While at the H.L. Mencken annual conference in Baltimore, Maryland this past weekend, I participated on a number of panels. During one of the panels, a participant raised concerns with regard to robots and the unemployment it would cause.
I suggested this view was a result of the failure to understand basic fundamental supply and demand economics. I said there would be no employment problem. That there would be plenty of jobs. Indeed, that a massive number of unemployed would be an internal contradiction.
If there were suddenly tens of millions unemployed because of robots, wouldn’t they start providing goods and services to each other, starting with food? Or would they just all decide to starve to death?
The real problem with the participant's comment was his seeing the economy in a very narrow manner zero-sum game rather than the very complex system it is.
At the heart of Henry Hazlitt’s classic Economics In One he was really addressing this complexity in economics, where there are seen in and unseen consequences that must be considered.
F.A. Hayek was making pretty much the same point when he wrote in The Fatal Conceit:
The curious task of economics is to demonstrate to men how little they really know about what they imagine they can design.
Every sound thinking economist should have a t-shirt that says:
Economics is much more complex than you think.
In the case of robots, the simple view is:
OMG, robots are going to replace laborers. They will never be able to find jobs. All the profits are going to go to the capitalists,
Here’s the complex understanding of what is going on:
Robots must be more productive than the laborers they replace otherwise, they wouldn’t be replaced by laborers. But more productive robots means more product. Robots will for sure be employed in producing for the mass markets (or those in those sectors won’t even face unemployment.)
If more product is available for the masses, it is a general improvement in products available in a given economy. This, however, doesn’t mean there aren’t jobs available for those that must find jobs after being replaced at a particular type of job by robots.
We are not in the Garden of Eden where every product is at our beck and call.
If robots are more productive in a given sector, then the laid off laborers find other jobs. We then end up with more product from the robots AND new services provided by the new jobs the laborers take. That is more products and services to bid for labor. It is dangerous to do this because it can be stretched and misunderstood, but from one perspective, money is just a veil where it is products and services that are bidding for labor. This is at the heart of Say’s Law that supply creates its own demand.
Consider a situation where robots are created that can produce mass amounts of caviar, champagne, mansions, and personal private jets and that all the laborers in these industries are laid off. They would have to find new jobs but there would be massive amounts of new product available for the many, including them. That is, the laid off when they find new jobs would find more product being offered for their services.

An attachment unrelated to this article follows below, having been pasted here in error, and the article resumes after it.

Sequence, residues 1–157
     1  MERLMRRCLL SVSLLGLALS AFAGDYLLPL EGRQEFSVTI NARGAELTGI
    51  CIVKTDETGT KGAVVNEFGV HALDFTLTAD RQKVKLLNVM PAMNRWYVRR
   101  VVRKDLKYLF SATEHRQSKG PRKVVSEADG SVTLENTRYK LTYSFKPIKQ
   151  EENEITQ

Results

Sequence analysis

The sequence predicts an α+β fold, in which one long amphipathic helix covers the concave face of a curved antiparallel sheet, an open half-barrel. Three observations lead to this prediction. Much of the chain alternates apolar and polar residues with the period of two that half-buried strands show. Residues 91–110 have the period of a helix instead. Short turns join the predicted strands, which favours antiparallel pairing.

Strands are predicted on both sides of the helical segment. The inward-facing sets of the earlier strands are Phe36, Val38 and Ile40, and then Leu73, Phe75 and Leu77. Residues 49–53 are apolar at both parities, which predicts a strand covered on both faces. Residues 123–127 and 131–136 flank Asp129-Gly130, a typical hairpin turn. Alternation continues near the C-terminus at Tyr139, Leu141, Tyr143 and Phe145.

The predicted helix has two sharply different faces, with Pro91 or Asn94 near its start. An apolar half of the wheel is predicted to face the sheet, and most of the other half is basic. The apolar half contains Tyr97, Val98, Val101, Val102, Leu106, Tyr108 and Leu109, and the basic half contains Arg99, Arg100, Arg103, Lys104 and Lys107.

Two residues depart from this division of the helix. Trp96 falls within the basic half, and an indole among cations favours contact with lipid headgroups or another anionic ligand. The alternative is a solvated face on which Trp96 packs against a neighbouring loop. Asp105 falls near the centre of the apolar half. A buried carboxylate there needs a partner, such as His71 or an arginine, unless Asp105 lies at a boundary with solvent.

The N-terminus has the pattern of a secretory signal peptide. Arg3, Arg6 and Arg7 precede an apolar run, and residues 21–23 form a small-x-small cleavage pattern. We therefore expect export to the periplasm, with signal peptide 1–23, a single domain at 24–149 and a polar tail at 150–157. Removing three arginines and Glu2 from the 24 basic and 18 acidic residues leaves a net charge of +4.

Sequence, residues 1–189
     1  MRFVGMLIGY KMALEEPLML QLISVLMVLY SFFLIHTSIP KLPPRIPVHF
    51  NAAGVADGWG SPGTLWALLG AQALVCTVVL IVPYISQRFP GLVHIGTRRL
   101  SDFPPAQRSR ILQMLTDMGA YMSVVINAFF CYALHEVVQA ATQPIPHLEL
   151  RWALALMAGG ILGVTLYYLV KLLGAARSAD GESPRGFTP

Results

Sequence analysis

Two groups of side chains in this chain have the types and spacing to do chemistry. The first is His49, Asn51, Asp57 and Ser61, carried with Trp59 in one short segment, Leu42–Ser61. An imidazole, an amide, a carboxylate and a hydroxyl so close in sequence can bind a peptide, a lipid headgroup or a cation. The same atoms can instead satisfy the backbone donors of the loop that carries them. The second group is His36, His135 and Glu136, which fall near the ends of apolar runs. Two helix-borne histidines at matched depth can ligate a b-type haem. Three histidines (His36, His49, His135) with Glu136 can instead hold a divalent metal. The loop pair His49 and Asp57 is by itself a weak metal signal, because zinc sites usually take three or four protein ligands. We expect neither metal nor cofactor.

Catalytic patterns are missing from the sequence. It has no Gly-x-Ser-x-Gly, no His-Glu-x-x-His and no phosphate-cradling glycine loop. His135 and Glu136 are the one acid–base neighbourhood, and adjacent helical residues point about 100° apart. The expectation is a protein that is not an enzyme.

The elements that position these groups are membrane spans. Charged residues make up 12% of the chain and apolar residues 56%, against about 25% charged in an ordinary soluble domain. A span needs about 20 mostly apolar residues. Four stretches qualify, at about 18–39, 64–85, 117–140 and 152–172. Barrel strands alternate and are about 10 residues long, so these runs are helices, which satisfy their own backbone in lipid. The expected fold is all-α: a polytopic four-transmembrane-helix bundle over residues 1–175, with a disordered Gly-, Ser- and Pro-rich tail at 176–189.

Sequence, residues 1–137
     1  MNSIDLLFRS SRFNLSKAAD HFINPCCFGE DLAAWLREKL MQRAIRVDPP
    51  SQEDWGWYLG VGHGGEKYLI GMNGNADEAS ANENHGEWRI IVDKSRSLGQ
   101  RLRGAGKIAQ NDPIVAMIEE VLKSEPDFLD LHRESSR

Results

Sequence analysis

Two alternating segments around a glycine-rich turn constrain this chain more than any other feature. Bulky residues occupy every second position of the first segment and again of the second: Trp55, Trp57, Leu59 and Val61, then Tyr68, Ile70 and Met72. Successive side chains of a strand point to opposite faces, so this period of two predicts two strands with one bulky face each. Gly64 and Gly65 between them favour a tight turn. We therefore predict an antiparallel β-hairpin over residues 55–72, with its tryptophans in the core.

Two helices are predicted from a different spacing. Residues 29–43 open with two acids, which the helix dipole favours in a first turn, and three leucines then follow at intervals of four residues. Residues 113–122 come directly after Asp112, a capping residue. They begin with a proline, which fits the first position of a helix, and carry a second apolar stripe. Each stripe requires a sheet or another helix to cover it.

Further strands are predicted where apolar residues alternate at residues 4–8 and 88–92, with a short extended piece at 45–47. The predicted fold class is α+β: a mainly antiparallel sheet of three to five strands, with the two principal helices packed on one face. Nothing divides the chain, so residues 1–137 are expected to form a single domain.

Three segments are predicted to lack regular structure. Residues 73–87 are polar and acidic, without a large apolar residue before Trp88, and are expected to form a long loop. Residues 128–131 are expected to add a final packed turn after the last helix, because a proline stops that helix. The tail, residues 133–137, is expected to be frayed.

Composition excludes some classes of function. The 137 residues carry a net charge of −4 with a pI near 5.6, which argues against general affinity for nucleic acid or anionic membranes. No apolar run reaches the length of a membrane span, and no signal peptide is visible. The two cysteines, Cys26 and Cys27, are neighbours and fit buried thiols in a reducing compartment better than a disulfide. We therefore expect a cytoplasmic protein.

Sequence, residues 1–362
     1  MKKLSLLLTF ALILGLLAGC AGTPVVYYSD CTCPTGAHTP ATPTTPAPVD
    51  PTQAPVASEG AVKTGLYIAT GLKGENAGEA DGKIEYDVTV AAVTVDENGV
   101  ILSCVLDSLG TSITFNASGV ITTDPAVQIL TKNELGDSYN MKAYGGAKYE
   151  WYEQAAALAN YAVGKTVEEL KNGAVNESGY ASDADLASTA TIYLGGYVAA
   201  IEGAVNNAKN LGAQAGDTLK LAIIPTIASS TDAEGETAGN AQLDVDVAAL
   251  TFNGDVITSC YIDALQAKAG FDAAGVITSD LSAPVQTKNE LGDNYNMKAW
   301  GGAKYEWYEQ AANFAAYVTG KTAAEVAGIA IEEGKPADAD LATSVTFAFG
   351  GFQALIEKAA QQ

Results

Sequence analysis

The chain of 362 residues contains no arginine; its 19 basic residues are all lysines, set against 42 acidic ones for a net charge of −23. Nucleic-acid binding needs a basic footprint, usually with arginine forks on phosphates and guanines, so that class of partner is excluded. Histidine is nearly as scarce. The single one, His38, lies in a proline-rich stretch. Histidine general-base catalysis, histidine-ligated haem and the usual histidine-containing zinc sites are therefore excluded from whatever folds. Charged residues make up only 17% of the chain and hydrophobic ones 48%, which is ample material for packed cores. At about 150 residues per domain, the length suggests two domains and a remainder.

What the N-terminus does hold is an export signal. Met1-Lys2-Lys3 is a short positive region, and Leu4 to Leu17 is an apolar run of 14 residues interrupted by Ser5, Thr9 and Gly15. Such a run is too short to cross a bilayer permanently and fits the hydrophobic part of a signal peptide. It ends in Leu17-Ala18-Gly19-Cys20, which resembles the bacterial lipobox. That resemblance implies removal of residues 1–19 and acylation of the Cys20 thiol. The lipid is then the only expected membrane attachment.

The downward pressure on prices because of such mass production would be enormous. We need more robots, a lot more!
At the Mencken conference, I said that if the participant expected mass unemployment, I would bid for 5 servants paying them each $5.00 a day.
In thinking about this more now, I really do need 5 servants, a manservant to make me a Spahire tonic when I get home and to know when I want the TV turned on (like when the Knicks are playing) and to turn it on for me.
I need a beautician to keep me with a fresh manicure and pedicure and to keep my hair groomed and to shave me every morning followed by a hot towel massage on my face.
I need a maid who keeps the pace clean and puts the toothpaste on my toothbrush whenever I want to brush my teeth.
I need an errand boy, well, to run errands.
And I need a body man to hand me gum when I want it and carry my cash and credit cards.
Right now, I only have a maid who comes in once a week. This means that laborers have better alternatives than what I have to offer. (With government welfare programs a complicating factor, preventing some with an incentive not to work.) If prices of labor ever did drop so low because of robots that I will be able to afford 5 servants as described above (working as independent contractors to get around minimum wage laws), robots would be producing so much product that my servants would all be living like kings!
The world needs to start understanding complex economics, failure to do so means that the foundations of prosperity will not be understood and that impediments will be put in the way of moving toward greater prosperity.